In a ruling that will strike fear into the hearts of managers everywhere, the 6th Circuit Court of Appeals held that managers can be held individually liable for discrimination under Title VII. Yes, that means if you’re a manager, you can be sued personally and potentially be on the hook – personally – for damages in a discrimination lawsuit brought by one of your angry subordinates.
But wait! The 6th Circuit’s decision in Mengelkamp v. Lake Metropolitan Housing Authority is actually an outlier. None of the other U.S. Courts of Appeals (D.C. and 1st through 11th) agree – in fact, they all have specifically held that there is no individual liability for supervisors or managers under Title VII.
In my opinion, the 6th Circuit’s decision is on pretty weak ground. The 6th Circuit relies on a 20-year old case, the 1993 10th Circuit case, Sauers v. Salt Lake County, in support of its finding of individual liability. The 10th Circuit, however, subsequently held in the 1996 case of Haynes v. Williams that there is no individual liability under Title VII. In so doing, it interpreted its own prior case of Sauers to stand for the “no individual liability” proposition. So the 6th Circuit’s interpretation of Sauers is completely at odds with the interpretation of the very court that decided Sauers.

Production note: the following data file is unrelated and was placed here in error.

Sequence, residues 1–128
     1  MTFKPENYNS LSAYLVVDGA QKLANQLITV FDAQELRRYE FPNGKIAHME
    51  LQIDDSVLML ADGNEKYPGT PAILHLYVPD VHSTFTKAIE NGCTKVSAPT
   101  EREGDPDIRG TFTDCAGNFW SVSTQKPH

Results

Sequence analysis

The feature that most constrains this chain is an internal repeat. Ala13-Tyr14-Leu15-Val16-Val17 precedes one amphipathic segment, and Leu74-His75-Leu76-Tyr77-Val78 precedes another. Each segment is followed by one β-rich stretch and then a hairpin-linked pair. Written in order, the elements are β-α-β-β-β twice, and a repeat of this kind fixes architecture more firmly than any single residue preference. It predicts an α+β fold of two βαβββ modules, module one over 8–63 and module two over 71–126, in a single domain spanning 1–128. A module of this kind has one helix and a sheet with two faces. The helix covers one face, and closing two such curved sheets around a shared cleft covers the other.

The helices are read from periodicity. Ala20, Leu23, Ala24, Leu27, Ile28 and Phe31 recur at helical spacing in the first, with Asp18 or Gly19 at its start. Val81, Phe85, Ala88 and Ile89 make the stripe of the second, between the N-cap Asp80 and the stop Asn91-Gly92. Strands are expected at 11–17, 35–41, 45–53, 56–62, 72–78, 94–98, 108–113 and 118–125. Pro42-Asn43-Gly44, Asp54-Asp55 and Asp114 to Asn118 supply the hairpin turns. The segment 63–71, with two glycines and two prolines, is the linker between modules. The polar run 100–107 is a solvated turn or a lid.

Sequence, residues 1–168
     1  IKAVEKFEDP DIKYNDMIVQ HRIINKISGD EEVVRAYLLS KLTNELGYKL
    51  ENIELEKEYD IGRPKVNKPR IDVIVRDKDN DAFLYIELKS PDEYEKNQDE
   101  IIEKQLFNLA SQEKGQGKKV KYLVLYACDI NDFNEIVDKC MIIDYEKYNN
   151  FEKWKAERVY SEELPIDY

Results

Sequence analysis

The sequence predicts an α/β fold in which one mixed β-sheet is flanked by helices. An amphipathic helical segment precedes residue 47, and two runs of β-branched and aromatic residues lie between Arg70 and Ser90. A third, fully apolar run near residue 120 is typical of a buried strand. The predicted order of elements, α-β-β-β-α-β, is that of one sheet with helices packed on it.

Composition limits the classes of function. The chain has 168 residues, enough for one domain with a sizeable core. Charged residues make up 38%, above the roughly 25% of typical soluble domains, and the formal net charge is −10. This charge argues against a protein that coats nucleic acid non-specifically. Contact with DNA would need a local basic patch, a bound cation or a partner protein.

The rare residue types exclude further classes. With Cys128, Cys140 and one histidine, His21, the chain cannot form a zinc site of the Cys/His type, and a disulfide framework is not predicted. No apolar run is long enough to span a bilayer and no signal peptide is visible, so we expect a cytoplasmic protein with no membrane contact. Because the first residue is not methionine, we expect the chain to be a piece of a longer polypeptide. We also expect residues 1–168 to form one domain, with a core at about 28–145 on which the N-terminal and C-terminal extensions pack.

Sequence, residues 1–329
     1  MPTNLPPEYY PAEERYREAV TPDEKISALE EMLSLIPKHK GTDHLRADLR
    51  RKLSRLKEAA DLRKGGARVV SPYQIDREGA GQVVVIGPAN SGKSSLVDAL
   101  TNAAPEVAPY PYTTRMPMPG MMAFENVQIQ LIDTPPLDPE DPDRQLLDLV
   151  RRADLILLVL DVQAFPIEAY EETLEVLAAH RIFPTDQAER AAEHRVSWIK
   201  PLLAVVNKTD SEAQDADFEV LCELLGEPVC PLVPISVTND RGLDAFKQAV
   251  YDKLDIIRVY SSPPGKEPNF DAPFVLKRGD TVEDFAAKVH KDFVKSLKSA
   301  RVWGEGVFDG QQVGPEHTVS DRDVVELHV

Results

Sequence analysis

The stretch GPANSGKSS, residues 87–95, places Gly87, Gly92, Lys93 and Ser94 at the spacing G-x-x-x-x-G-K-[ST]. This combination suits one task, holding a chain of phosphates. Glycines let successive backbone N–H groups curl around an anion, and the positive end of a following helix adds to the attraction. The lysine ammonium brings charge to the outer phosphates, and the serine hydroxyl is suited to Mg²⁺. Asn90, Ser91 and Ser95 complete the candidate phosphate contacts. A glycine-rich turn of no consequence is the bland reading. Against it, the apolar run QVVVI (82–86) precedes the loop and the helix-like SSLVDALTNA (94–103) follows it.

At some point, the 6th Circuit may figure it out and join the rest of the Circuits on this issue. In the meantime, managers in the 6th Circuit (which covers Michigan, Ohio, Kentucky and Tennessee) should continue to cower in fear, while managers everywhere else can relax – at least with regard to being sued individually under Title VII.
(Did I mention, however, that many courts have found that managers can be held individually liable under the Fair Labor Standards Act and the Family and Medical Leave Act?…)